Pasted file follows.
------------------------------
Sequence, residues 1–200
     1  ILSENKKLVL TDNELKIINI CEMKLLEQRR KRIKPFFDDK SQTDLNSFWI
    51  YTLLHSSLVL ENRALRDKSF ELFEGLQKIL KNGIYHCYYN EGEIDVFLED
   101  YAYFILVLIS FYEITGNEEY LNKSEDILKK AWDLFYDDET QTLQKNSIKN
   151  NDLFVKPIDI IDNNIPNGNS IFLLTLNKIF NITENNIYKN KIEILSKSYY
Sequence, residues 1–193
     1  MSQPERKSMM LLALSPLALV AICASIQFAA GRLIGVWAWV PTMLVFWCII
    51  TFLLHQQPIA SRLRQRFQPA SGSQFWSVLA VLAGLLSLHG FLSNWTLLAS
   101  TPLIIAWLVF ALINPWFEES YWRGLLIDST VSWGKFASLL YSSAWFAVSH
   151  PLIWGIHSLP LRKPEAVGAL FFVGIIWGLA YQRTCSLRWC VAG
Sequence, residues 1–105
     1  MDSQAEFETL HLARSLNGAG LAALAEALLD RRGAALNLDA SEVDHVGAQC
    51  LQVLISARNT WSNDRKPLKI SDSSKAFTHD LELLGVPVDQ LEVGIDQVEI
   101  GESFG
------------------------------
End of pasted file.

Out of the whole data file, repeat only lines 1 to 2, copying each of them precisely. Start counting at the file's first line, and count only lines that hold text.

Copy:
Sequence, residues 1–200
     1  ILSENKKLVL TDNELKIINI CEMKLLEQRR KRIKPFFDDK SQTDLNSFWI